The concept of 'luxury' has evolved from bowing waiters and bling to something just as likely to mean a depth of feeling or memorable experience. Six Senses and Kirker are among a growing number of brands who now deliberately avoid using the word 'luxury', believing it has become devalued by overuse. But what is luxury?

More than a word

Luxury has certainly become all-encompassing; a catch-all concept covering everything from a personal butler on a cruise ship to a private plunge pool and in-suite massage at an African safari lodge to an overwater villa on an exclusive Indian Ocean island.

But luxury has come to mean so much more and the time is ripe for an alternative, more all-encompassing phrase. Perhaps 'richness of product and experience', well matched to an individual’s tastes or needs, is more suitable. Here are some other life-enriching terms to consider.

Barefoot luxury

Whether your clients are the high-powered rich or the less well-heeled the right setting to unwind is key. ‘Barefoot luxury’ and ‘rustic chic’ have come to describe the pared-back settings where your Champagne cocktail could be served from a driftwood bar. This often sits well with a greater focus on eco-credentials and with the wellness trend to ‘digital detox’ – a good sell for stressed-out clients.

Six Senses once used the strapline ‘No shoes, No news’ though it now prefers to highlight its local connections and strong eco credentials.

Vice President of Marketing and Communications Julia Gajcak says: “Upscale travellers are looking for authenticity and want to immerse themselves in a destination and its culture. They don't want formal surroundings and fancy ceremonious dinners… or need to acquire objects or status symbols, but instead want to collect great memories.”

She believes rich experiences and quality content, unique settings, and innovative design, are key, along with service that is comfortable, inclusive and inviting.

Experiential travel

The latest buzz phrase is experiential travel, as clients increasingly look for greater depth to their holidays. In its 2019 Trends Report, Kuoni noted a demand for holidays with a learning focus, from cooking to photography to dance.

Those with higher disposable income are also more likely to be able to tap into some of the world’s greatest adventures.

Simon Lynch, Director of Sales and Business Development for Abercrombie & Kent, says: “Whilst our clients continue to want a certain level of luxury at night, we’ve found that during the day they value experiences. Such as, for example, gaining unique insider access to iconic attractions, learning how to make pasta with a Michelin-starred Italian chef in Naples or accessing a remote part of the Amazon to meet a local tribe.”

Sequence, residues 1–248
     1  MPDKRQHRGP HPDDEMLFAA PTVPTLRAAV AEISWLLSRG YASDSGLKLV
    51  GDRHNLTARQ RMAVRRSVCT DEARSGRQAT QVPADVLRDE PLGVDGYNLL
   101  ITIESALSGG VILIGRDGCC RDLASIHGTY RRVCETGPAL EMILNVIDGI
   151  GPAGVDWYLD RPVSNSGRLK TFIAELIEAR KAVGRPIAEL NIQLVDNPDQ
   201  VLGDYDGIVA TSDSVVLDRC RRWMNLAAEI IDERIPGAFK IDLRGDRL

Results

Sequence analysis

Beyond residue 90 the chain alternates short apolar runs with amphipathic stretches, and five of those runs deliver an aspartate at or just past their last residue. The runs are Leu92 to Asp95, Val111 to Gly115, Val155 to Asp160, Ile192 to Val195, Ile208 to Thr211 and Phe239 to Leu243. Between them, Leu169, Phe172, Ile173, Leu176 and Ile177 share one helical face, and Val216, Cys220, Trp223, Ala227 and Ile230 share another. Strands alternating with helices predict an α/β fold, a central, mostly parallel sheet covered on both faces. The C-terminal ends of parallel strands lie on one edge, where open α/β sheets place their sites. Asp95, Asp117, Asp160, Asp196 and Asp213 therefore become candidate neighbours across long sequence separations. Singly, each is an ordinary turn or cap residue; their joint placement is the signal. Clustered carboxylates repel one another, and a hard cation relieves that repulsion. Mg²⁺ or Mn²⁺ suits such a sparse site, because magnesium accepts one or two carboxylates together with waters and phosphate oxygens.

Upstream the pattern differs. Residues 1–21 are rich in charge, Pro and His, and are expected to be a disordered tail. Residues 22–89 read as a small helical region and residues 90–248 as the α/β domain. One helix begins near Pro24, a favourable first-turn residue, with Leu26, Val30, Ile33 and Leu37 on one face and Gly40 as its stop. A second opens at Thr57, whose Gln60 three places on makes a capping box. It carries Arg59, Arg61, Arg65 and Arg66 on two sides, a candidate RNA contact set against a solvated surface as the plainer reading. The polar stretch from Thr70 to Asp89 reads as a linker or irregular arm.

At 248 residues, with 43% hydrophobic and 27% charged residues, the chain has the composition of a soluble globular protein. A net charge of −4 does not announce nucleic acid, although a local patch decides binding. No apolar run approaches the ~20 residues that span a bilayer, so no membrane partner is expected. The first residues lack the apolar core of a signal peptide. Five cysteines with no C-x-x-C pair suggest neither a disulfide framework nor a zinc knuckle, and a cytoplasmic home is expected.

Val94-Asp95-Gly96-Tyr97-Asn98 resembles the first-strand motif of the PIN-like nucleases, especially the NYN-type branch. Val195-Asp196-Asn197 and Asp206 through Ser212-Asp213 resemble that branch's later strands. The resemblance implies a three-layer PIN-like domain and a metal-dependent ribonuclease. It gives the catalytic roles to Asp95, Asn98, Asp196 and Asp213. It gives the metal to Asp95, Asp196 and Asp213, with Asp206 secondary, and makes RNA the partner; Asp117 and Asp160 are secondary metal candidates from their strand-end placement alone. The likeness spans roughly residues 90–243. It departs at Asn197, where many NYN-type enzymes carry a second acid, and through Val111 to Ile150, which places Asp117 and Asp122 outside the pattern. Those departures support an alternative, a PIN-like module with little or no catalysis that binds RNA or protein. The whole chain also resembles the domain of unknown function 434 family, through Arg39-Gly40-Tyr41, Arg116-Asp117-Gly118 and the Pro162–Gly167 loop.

Safari is the classic example of an experience-rich holiday that is traditionally pegged to luxury accommodation, but not all once-in-a-lifetime journeys and bucket list ticks are in locations with five-star hotels. Don’t underestimate a client’s willingness to ‘rough it’ if the pay off is special enough.

Abercrombie & Kent features Kayapo Camp, with an opportunity to spend time with a Brazilian tribe. Its camp has exclusive access for several weeks, a private chef and many amenities, but it would not be classed as classic ‘luxury’.

Lynch adds: “Our clients want to invest their money into creating exceptional memories that the ordinary traveller just doesn’t experience. Our tip for agents would be to invest the time in understanding the client’s interests, and then tailor the perfect experience.”


It’s easy enough to track down a five-star hotel, but the real value an agent can add is being able to identify and access exclusive treats and special events. Operators with concierge services or niche specialisms can prove particularly helpful.

“For today's clientele, luxury travel means authentic experiences which have been curated specifically for their individual needs,” says Kirker Director, Ted Wake. “It is finding an elegant pathway to the right experiences in a chosen destination. In particular, this often involves private guides and tailor-made itineraries, where the customer is encouraged to visit a particular museum or performance that they didn’t know existed and wouldn’t have found out about without their travel agent’s encouragement.”

Kirker’s examples of added value for the culturally-minded include dinner with a musician about to perform a concert, and linking artists’ museums and birthplaces in the same region.

“These are not necessarily expensive arrangements but they are enriching. They also help agents demonstrate that they care about providing a unique service.”

Cash rich, time poor

In this fast-moving world we live in, most people find themselves increasingly short on time. So although a fortnight in Mauritius or Namibia may well be within a client's budget, it might not fit in with their working patterns.

Even the special occasion market is experiencing the trend, with ‘minimoons’,' – whereby newlyweds take a short luxury holiday – showing a spike in recent years.

Keeping tabs on quality short-haul options will help agents. For instance, Elegant Resorts and Wellbeing Escapes note that high-profile European spa openings like Six Senses’ Kaplankaya in Turkey and Euphoria on the Peloponnese peninsula are helping meet demand for a short break immersion in wellness.

Operators’ concierge services can also save clients time by pre-booking restaurants and tickets.

They may also be able to help them queue jump at popular attractions. Private driver-guides, offered by the likes of Cox & Kings, Abercrombie & Kent, Kuoni, Regent Holidays and Indus Experiences, can help make travel seamless and maximise clients’ time and interests.